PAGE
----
CANADIAN RAILWAY OFFICE OF ARBITRATION

CASE NO. 1631

Heard at Montreal, Tuesday, March 10, 1987

Concerning

CANADIAN NATIONAL RAILWAY COMPANY

and

BROTHERHOOD OF MAINTENANCE OF WAY EMPLOYEES

dispute:

Dismissal of Mr. I. Casseri account fraudulent use of a Company credit card.

JOINT STATEMENT OF ISSUE:

Following an investigation, Mr. I. Casseri was discharged from the Company's service effective 18 April 1986 account his fraudulent use of CN Fleet Credit Card No. 006-547-040-3.

The Brotherhood contends that the Company violated article 18.2(d) of agreement 10.1 and that the discipline was too severe a punishment.

The Company disagrees with the Union's contention.

FOR THE BROTHERHOOD: FOR THE COMPANY:

(SGD.) PAUL A. LEGROS (SGD.) J. P. Green

System Federation General Chairman for: Assistant Vice-President, Labour Relations

There appeared on behalf of the Company:

T. D. Ferens Manager Labour Relations, Montreal

J. Dunn Labour Relations Officer, Montreal

S. J. Williams Labour Relations Officer, Montreal

D. J. Anderson CN Police Constable, Toronto

G. J. Holdsworth CN Police Constable, Toronto

G. F. McCarthy Roadmaster, Mimico

And on behalf of the Union:

L. Boland Federation General Chairman, London

J. Roach General Chairman, Moncton

P. G. Legros System Federation General Chairman, Ottawa

W. Montgomery - General Chairman, Belleville

 

AWARD OF THE ARBITRATOR

It is not disputed that the grievor wrongfully used a Company credit card to purchase gasoline for his own vehicle on March 7, 1986. As a Track Maintenance Foreman, employed in Mimico, at Toronto, he was authorized to purchase gasoline for a Company truck, by the use of a credit card which was normally to be kept in that vehicle. On the date in question, at 0630 A.M. the grievor attended a Petro Canada service station, purchasing some $30.00 in gasoline for his own automobile. The tank was filled, and based on the volume purchased the material discloses by deduction that Mr. Casseri's gas tank was approximately one-third full when he entered the gas station. When he provided the service station attendant a truck license plate number to enter on the credit card purchase slip, rather than the license number of his own vehicle, the attendant became suspicious, noted the grievor's license number and notified the Company's police.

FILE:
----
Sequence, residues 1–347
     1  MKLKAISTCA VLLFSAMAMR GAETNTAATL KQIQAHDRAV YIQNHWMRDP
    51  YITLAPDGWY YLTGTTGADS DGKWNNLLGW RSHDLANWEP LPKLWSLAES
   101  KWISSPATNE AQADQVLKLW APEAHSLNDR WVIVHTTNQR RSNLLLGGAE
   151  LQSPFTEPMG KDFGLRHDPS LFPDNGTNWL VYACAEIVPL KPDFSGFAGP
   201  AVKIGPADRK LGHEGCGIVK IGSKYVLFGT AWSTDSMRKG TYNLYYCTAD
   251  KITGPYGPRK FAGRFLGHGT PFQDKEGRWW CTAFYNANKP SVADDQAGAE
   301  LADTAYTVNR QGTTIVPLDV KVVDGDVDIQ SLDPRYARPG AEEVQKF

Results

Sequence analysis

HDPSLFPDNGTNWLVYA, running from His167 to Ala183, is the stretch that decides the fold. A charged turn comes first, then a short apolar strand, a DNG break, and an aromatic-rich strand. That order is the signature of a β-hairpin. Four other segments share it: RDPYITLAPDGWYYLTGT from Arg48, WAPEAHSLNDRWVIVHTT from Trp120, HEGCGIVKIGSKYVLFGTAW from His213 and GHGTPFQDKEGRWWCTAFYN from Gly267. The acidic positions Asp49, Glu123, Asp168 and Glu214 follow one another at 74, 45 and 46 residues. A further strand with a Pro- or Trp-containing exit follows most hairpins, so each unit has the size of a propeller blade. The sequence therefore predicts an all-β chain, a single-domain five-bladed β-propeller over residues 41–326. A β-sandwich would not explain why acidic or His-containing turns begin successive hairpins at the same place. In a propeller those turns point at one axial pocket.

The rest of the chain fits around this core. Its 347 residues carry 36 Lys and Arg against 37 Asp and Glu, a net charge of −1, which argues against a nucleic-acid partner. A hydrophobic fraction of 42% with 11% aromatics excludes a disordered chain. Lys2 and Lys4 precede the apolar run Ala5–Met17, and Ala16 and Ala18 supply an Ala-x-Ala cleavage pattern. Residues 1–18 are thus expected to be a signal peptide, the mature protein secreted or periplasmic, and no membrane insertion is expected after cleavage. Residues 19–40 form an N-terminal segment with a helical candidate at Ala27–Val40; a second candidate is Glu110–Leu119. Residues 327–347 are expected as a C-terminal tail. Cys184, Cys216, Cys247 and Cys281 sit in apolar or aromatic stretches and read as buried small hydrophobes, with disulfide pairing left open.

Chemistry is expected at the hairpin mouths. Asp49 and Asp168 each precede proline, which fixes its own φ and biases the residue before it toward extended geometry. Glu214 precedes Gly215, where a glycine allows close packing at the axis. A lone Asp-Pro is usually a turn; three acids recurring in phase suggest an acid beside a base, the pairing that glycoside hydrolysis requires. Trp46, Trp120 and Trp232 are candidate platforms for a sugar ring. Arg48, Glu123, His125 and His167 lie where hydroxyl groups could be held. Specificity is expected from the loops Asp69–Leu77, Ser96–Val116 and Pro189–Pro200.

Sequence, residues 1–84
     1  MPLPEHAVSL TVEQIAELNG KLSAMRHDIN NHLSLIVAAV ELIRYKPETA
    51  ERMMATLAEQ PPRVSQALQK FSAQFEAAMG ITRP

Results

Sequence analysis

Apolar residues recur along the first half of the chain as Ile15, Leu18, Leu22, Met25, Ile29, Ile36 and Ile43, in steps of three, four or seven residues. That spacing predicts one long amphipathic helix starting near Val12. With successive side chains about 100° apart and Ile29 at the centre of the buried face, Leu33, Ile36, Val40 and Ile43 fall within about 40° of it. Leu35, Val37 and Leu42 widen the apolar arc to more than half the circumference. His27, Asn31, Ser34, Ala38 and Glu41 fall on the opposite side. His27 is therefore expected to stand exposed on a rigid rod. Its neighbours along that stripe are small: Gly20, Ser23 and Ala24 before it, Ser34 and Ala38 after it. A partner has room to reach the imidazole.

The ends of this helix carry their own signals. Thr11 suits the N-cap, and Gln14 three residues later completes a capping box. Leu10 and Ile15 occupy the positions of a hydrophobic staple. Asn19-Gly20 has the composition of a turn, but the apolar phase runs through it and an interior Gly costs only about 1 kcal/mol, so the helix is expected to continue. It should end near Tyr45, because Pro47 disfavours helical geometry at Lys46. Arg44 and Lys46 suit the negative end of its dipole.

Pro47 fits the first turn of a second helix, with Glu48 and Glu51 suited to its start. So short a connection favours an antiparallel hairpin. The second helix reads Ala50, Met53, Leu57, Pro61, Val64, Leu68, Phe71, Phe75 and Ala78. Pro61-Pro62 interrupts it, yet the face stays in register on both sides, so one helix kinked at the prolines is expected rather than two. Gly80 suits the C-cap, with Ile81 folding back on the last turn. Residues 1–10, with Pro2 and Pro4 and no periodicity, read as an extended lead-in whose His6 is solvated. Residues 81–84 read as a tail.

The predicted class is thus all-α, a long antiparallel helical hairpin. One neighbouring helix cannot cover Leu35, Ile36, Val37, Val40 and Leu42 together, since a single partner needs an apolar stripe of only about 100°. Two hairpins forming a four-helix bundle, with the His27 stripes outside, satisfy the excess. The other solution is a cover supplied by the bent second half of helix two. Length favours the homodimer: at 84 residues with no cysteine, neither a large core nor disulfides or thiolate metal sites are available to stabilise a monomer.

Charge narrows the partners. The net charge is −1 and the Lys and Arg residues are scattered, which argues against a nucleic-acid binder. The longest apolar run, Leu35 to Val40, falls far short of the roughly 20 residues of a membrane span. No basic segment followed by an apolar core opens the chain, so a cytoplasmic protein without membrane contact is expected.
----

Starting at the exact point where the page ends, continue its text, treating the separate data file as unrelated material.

A statement provided to the CN Police by the attendant showed that similar transactions had occurred involving the grievor on number of occasions in months previous. This general allegation was made known to the grievor at the investigation conducted by the Company on April 3, 1986. He was then also confronted with direct evidence that he had fraudulently purchased the gasoline by use of a CN credit card on both March 7, 1986 and August 30, 1985.

The grievor professed to no recollection of the transaction of August 30, 1985. With respect to the March 7th incident, he related that he had been called for work on an emergency basis at 0200 on that day, and that he worked until 1630 hours. He explained that he left work at around 0630 in the morning, once the emergency was under control, to purchase gasoline for his car, in the belief that he might be working late. According to Mr. Casseri's account he reached the gas station and, having left home in a hurry that morning found that he did not have sufficient money, and had not brought his own credit card with him. He explained that he always kept the Company credit card on his person since the card kept in the truck had been stolen a few months previous.